Pauline Kael in Going Steady (1970), a collection of her film reviews for the New Yorker, writes about something of perennial interest to book-readers and film-watchers:*
If you’re going to see a movie based on a book you think is worth reading, read the book first. You can never read the book with the same imaginative responsiveness to the author once you have seen the movie. The great French film critic André Bazin believed that even if movies vulgarized and distorted books they served a useful purpose, because they led people to read the books on which the movies were based. But when you read the book after seeing the movie, your mind is saturated with the actors and the images, and you tend to read in terms of the movie, ignoring characters and complexities that were not included in it, because they are not as vivid to you. At worst, the book becomes a souvenir of the movie, an extended reminiscence.
I sympathise with both Kael’s and Bazin’s positions. ‘Read the book first’ is sound advice, but it’s not always practicable. And the ‘saturation’ and ‘souvenir’ effects that Kael describes, while undeniable, are not always calamitous, especially if enough time passes between watching the film and reading the book.
If I see a film that’s based on a book I decide I want to read, I tend to wait a while to allow the memory of the film to fade. Among other things, this reduces visual interference from the actors and scenes. I prefer my own visuals to manifest when I read – the ‘imaginative responsiveness’ that Kael cherishes – and that’s trickier, sometimes impossible, when a film experience was recent or particularly vivid.
Plot details can also diminish the experience in either direction. A Simple Plan succeeds as a suspense story in part through the careful unfolding of its drama, and this is hampered when you know (even broadly) where events are leading. Much as I enjoyed the novel, I wish I had found it first – or waited longer after seeing the film.
That’s what I did with Twelve Years a Slave, though its plot is less central to the experience than in A Simple Plan. I postponed the film till I had read Solomon Northup’s memoir, then I waited for its immediacy to wane. This way the events that I learned about could form in my mind’s eye instead of appearing perforce as a specific set of moving images.
That potential for interference can deter me from watching a film altogether. I love Lee Child’s Jack Reacher novels, but I don’t plan to see the existing films: mainly because I have a clear picture of Reacher in my head, and I’d rather not have it nudged aside by Tom Cruise – or almost any other actor I can think of.
Yet familiarity with a film doesn’t always spoil a text. I watched John Carpenter’s film The Thing a fanboy number of times before seeking out its source. The short story ‘Who Goes There?’ is different enough to be approached on its own terms – and reading it lent overtones and background texture to the film when I next watched it. Ditto 2001: A Space Odyssey and ‘The Sentinel’. But in these cases, perhaps crucially, the films are for me the stories’ primary form.
Given the option to redo the order, I’d read the stories first. The same is true of Picnic at Hanging Rock, Solaris, The Vanishing, Deliverance, Brokeback Mountain, Straw Dogs, and Roadside Picnic (filmed as Stalker). Seeing the films first didn’t spoil the books, but the films were so indelible that it was hard to resist the pull of their imagery when I got around to the books, especially for the films I’d seen more than once.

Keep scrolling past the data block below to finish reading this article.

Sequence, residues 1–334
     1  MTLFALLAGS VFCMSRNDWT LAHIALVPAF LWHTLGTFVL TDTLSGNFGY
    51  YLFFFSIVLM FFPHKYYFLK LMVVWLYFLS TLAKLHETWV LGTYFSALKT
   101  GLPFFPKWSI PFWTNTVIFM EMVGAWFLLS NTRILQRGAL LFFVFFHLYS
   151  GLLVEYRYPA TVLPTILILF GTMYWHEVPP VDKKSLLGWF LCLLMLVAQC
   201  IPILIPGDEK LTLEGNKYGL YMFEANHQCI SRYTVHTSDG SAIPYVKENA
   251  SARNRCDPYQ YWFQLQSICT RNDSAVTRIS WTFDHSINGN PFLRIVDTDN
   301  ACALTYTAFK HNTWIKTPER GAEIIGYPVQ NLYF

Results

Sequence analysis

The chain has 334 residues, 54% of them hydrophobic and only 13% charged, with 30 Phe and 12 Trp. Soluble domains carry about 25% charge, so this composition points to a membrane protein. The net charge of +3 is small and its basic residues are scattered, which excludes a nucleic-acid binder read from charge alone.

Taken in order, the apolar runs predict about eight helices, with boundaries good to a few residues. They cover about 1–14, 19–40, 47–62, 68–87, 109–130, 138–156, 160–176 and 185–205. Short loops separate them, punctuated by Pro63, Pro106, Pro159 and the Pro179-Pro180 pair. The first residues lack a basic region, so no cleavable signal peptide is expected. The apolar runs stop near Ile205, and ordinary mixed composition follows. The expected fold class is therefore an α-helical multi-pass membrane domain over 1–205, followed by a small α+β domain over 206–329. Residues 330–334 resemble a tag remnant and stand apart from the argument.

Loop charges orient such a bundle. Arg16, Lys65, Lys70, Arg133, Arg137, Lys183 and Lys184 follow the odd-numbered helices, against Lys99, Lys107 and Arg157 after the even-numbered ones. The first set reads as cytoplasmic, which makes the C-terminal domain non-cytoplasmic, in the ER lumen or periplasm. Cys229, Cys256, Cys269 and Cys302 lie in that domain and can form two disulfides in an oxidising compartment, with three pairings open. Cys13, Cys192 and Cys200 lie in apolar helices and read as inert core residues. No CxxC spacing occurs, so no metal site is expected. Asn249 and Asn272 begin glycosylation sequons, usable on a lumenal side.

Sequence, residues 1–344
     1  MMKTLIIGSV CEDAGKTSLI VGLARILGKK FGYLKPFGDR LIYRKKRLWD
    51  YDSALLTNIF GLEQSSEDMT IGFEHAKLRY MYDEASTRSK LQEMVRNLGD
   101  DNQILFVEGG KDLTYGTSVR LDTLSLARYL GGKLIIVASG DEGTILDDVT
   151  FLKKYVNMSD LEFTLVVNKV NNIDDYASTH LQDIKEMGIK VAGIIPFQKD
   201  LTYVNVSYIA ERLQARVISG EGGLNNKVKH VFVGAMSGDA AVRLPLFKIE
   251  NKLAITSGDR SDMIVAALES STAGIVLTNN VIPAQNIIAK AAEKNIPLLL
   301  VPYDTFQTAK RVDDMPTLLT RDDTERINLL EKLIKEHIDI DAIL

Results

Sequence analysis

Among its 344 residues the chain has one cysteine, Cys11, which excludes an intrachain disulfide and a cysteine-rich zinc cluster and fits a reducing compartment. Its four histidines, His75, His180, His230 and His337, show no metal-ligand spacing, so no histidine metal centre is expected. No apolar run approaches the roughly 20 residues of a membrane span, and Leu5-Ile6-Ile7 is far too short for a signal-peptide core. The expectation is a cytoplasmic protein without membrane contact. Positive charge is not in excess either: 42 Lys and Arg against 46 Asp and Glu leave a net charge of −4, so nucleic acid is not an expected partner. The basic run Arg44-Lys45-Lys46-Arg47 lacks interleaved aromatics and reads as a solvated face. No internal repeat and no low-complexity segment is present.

Sometimes an author’s voice is so distinctive that film adaptations don’t try to emulate it and end up seeming only loosely connected to the books, even if the plots align closely. The film versions of Last Exit to Brooklyn and Requiem for a Dream are so far from the feeling of reading Hubert Selby Jr that it can feel uncanny when the story follows the same structural groove while being so different qualitatively.
The reverse can also occur. David Cronenberg’s film of Naked Lunch, a book deemed unfilmable, benefited from a script that blended William S. Burroughs’ novel with his other work and with biographical material. The results are thoroughly Burroughsian, helped by the compatibility of the director’s and author’s artistic sensibilities.
Muriel Spark’s work has been filmed several times, and I’m curious about how her singular voice translates to the screen, but I’ve yet to watch any adaptations of her stories. (I’ll take recommendations if you have them.) Some authors, such as Ian Fleming and Stephen King, have been adapted so many times that whole blogs could be devoted to their adapted work, and probably have been. But their rewatchability and rereadability are part of their appeal.
This is all a bit scattershot, and I haven’t touched on classic novels filmed multiple times in different eras (Frankenstein, Wuthering Heights, Oliver Twist, Dracula…) or children’s stories (Charlotte’s Web, The Iron Giant, the many Roald Dahl adaptations…). But I’ll stop here. Do you have a policy about book first or film first? I’d love to hear your experiences, regrets, or surprises.
* We say book-reader and film-watcher, not readbook and watchfilm, but the pattern has exceptions: it’s a pickpocket and a scarecrow, not a pocket-picker and a crow-scarer. Here’s why.